SPOILER ALERT! Some of the eggs discussed here may ruin the book for you, so please, please, don’t read this post until you’re done with Saving Ebenezer.
The page numbers are for paperback, but you can search for them on the Kindle version, or go to the chapters the egg is located in and read from there.
Egg #1: On page 8 (Chapter 1), you’ll read: Scrooge had the best doctors working on the boy’s condition, all of them happy to have Scrooge pay for this treatment or that, but never quite figuring out exactly what was wrong.
– Dickens didn’t write about an actual ailment, which has caused a bit of a debate over the century plus since he wrote the book. According to an article by Live Science, online sleuths believe that the condition could have been rickets or kidney disease. Another Live Science author believes he suffered from both conditions. A National Institute of Health publication agrees with the kidney disease. Because the debate continues, I wrote it in such a way as to leave the argument unhindered by my timeline.
Egg #2: On page 25 (Chapter 1), you’ll read: One of the smallest children opened the door. T’was the littlest sister of the family – Gillian or Lucy or, well, some such name – who was younger than Tiny Tim by three years or so. As far as Scrooge was concerned (for he did not trouble himself to know the specific information of ages), the younger children were younger and the older children were older, and only Tim really mattered.
– This is really fun! To the average reader, it just looks like I wrote Scrooge to be extra callous (I didn’t have to work hard, of course). However, to anyone familiar with the history of A Christmas Carol, you’ll notice a trick. In the original story, Martha, Belinda, Peter, and Tiny Tim are mentioned by name, and two younger children are alluded to, but never named. The only thing stated in the original, in Stave Three, is thus: “No, no. There’s father coming,” cried the two young Cratchits, who were everywhere at once. “Hide, Martha, hide!”
Depending on what adaptation you listen to or watch, the two youngest children are called Lucy, Gillian, Matthew, or Miranda. In my story, I simply showed Scrooge impatiently not knowing their names.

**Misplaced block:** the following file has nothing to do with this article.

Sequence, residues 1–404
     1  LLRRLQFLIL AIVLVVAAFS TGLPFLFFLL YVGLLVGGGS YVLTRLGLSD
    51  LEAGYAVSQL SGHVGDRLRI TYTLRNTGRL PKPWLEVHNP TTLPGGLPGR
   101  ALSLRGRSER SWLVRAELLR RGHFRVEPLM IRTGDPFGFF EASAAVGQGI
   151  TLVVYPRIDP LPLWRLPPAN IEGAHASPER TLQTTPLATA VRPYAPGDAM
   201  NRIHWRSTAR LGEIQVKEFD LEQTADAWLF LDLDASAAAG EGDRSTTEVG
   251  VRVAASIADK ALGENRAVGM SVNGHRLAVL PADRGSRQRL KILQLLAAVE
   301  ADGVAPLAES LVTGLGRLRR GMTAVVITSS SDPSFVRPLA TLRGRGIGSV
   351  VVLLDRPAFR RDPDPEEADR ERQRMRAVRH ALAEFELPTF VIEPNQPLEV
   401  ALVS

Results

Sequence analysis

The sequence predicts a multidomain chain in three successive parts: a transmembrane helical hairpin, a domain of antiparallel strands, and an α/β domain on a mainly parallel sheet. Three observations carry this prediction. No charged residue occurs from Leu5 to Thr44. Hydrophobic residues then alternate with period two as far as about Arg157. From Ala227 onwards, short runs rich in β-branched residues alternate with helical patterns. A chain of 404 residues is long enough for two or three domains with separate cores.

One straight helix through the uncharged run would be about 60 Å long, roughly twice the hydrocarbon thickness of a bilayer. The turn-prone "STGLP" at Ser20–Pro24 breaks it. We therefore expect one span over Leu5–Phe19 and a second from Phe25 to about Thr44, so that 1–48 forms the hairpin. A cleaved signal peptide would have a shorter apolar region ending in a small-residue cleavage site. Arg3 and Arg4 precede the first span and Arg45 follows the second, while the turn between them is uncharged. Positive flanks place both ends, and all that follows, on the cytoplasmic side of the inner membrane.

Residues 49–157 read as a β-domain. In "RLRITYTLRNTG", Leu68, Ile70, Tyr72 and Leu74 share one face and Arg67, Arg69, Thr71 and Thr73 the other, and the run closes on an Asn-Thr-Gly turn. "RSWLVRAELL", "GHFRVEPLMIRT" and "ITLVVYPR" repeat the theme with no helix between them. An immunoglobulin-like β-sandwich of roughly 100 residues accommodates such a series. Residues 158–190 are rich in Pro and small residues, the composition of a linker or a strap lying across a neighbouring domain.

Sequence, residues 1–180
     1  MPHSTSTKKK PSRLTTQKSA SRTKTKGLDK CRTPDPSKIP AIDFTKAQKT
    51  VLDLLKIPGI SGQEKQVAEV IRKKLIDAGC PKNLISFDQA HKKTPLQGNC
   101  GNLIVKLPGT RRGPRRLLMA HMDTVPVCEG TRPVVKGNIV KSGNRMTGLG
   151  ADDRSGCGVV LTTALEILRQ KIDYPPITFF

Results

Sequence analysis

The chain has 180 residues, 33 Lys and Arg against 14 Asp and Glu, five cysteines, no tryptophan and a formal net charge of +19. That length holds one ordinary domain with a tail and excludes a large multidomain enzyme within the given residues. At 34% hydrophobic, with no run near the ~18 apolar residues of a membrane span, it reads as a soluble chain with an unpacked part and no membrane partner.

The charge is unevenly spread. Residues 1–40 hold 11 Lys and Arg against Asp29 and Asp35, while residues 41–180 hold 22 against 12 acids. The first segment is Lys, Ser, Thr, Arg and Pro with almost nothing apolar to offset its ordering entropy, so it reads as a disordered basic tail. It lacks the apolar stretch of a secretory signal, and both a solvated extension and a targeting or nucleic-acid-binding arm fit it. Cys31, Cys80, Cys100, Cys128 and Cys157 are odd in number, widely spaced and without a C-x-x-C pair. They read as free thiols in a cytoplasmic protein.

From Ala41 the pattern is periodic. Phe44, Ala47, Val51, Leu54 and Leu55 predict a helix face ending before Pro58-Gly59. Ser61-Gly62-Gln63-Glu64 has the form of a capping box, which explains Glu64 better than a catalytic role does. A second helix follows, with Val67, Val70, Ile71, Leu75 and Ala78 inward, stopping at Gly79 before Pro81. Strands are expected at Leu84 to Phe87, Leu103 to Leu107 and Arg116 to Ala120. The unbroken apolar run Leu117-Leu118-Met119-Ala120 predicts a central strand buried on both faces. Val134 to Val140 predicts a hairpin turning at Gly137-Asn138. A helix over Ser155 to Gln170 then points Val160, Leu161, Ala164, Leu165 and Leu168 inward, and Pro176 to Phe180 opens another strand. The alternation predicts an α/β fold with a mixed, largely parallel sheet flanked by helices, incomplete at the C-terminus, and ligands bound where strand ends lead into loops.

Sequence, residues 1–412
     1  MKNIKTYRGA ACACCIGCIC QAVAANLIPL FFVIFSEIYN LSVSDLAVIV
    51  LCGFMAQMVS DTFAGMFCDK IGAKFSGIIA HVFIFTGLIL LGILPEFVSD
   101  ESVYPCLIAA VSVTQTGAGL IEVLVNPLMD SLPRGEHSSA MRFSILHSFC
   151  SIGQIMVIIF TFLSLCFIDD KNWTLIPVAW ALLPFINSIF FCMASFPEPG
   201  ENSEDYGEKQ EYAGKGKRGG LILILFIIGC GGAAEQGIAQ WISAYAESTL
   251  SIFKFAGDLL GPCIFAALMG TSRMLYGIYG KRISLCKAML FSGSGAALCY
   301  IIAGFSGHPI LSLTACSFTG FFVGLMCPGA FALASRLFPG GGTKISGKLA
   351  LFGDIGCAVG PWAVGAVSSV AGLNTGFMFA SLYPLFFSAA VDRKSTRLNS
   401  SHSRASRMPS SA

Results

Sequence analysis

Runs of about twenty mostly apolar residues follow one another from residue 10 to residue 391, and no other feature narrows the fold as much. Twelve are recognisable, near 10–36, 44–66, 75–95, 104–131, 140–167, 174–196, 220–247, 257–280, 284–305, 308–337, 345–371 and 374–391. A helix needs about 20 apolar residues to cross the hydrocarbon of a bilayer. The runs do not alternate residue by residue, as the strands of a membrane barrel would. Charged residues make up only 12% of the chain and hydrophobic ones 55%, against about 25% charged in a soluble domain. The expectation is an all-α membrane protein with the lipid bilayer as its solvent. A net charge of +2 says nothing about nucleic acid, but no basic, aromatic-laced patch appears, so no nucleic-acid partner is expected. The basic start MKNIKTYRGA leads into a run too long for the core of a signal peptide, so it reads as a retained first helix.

Egg #3: On page 13 (Chapter 1), you’ll read: He took pity on her just then, like maybe she was looking in on a man being taken by demons ten times worse than before.
– This egg isn’t from the original story, but from the Bible (remember that my story is a gospel-centered one first, and a sequel to the Dickens original second). In Matthew 12:43-45, the Bible talks about demons being cast out. When they can’t find another place to go, they return to the original host, bringing others with them. I didn’t write this in order to show that Scrooge was really possessed, but to show just how mean he’d been in previous times, and how it looked like he was going back to that level or, indeed, becoming worse.
Egg #4: On page 156 (Chapter 12), you read: It was always said of Scrooge, from that day forward, that he displayed Christ well, if any man alive possessed the knowledge. May that also be said of us – of all of us! And so, as Tiny Tim used to observe, “God bless us, every one!”
– You’ll surely remember the famous line from Tiny Tim in the original story. “God bless us, every one,” is probably the most famous line from the entire book. However, I want to key in on the line right before it. In the original, it reads: it was always said of him, that he knew how to keep Christmas well, if any man alive possessed the knowledge. I owe this egg to my wife, who realized I’d ended with Tiny Tim’s famous line, but forgot Scrooge’s end. To that point, Scrooge is the most important character in my novella, because it is through his eyes we see the gospel play out. So, in wrapping his story up at the end, I repurposed the original (Alicia gave me the line and I played a little with it). I think it works well.